Substage 1a: Three knee joints had lesions which were classified in this substage. In this early stage, no chondral defects were observed. The sole abnormality was found in subchondral area where increased vascularization and subchondral sclerosis were observed. The tidemark between calcified and uncalcified tissue became hazed and irregular in outline (Fig. 2).
Substage 1b: Three knee joints had lesions which were classified in this substage. While retaining its surface relief, the cartilage displayed streaky and spotty discoloration. There were changes at the bone-cartilage border, a zone of disruption in the tidemark area, subchondral sclerosis and increased ingrowth of vascular buds. (Figs. 3 and 4)
Stage II: Two knee joints were identified with lesions in this stage. Destruction of the surface continuity by fibrillation of the articular cartilage was observed. The transition at the bone-cartilage border was ill-defined. The subchondral sclerosis and the increased ingrowth of vascular buds became progressively more pronounced.
Stage III: One joint had lesions of this type. The persistent fissuring of the cartilage lead to the development of ulceration, which extended as far as the tide-mark. Here again, there was subchondral sclerosis and increased ingrowth of vascular buds.
Stage IV: Three knee joints had lesions which were classified in this stage. The morphological findings of this stage were identical with those of retropatellar arthrosis including a decrease of cartilage with defects extending down into the bone.
|Patellar tracking dysfunctions of constitutional origin explicable in terms of aberrant mechanics:
Dysplasias (Wiberg III + IV, patelte parva, patella partita, hypoplasia of the tibial femoral condyle).
Malpositions (lateralization, patella alta).
|Dysfunction of the cartilaginous metabolism:
Change in the synovia or synovial fluid (infection, primary chronic polyarthritis, gout, diabetes etc.)
Endocrine disregulation (hormonal abnormality, hypothyroidism). Circulatory disorders.
|Irregular loading due to disturbed articular mechanism.
Lesion of meniscus or ligament.
Step formation on the posterior aspect of the patella after fractures. Recurrent luxations of the patella.
|Macrotraumas of the patellar cartilage:
Structural destruction due to free cartilaginous fragments in the joint, osteochondral fractures or iatrogenic factors.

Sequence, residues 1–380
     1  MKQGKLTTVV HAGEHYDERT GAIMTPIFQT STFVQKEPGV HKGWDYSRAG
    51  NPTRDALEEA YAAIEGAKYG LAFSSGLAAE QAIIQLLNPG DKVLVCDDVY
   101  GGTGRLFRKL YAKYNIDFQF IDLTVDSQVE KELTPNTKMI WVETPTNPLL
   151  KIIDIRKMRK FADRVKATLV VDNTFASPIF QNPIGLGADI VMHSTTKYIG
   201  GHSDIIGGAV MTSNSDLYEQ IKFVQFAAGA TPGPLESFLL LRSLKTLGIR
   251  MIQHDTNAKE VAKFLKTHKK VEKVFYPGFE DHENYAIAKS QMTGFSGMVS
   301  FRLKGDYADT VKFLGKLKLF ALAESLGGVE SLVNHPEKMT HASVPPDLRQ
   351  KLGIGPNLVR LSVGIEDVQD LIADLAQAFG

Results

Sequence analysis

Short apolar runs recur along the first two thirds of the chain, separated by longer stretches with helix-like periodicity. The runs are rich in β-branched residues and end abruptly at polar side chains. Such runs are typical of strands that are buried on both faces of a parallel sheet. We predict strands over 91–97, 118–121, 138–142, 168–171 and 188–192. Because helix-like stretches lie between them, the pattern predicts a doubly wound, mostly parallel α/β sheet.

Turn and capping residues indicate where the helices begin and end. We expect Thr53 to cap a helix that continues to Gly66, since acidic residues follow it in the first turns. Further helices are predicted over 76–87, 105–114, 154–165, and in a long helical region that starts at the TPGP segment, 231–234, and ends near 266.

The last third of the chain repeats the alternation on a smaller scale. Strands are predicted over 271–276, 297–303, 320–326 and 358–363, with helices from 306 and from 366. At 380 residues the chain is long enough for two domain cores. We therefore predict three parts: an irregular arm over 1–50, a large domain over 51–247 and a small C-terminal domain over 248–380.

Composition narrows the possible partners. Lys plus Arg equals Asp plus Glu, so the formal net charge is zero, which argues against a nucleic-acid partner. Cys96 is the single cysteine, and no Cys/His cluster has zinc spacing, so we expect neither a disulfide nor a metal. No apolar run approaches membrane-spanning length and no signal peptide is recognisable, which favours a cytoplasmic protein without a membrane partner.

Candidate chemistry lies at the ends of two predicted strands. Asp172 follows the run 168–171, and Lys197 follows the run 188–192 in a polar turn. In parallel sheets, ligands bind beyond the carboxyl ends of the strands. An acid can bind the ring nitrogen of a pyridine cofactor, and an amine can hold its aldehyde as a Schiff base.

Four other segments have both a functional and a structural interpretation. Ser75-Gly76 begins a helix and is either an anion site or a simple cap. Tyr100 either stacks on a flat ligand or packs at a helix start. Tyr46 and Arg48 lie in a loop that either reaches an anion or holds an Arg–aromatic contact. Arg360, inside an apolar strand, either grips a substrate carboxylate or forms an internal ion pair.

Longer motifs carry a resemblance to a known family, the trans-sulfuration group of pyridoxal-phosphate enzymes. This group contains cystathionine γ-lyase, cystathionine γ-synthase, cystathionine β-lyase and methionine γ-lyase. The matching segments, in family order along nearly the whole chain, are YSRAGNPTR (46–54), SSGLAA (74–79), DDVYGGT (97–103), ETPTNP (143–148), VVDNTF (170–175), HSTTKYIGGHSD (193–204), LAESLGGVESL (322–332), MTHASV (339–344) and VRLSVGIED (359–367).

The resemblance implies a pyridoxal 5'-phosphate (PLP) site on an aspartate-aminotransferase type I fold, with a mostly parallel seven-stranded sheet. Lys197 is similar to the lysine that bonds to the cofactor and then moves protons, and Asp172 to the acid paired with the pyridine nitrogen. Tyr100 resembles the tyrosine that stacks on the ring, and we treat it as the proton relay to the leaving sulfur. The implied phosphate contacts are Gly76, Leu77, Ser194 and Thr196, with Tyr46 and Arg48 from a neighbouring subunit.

|Microtraumas due to acute or chronic overloading (sport, occupation, weight).|
The etiology in most of cases of chondromalacia is known, i.e. traumatic, dysplasia (Wiberg l-lll), and endocrine disorders (gout, diabetes, hypothyroidism).
In cases of unknown origin, we postulate the onset of the degenerative change commences in the subchondral area. In addition to Outerbridge's classification, we subdivided stage I: into a and b substages. Typical findings of stage 1a were subchondral sclerosis with the absence of cartilaginous changes. The tidemark, which normally is clear cut and well defined, becomes irregular and ill defined. Stage Ib. shows, in addition to the findings of stage la, degenerative changes of the cartilage with spotty and streak-like discoloration. These degenerative changes correspond to the fibrils that become unmasked in the histological specimen. The chondral surface in both stage la and stage 1b remains intact and hence, these early changes of chondromalacia can not be visualized by clinical or radiological methods. In neither substage has the early vascular changes in the subchondral bone been documented using conventional histopathology.
The sheet plastination method is presently the only known method to demonstrate these parallel occurring changes and enable to subdivide the lesions into substages 1a and 1b. Therefore, since sheet plastination of the subchondral area reveals these early changes, this method is suited for detecting early subchondral changes. A study is planned for the future which will use magnetic resonance imaging (MRI) as a mechanism to study knee pain of early chondromalacia patients. The study will attempt to identify and characterize the origin of chondromalacia in the subchondral region via MRI when abnormalities are not seen via arthroscopy.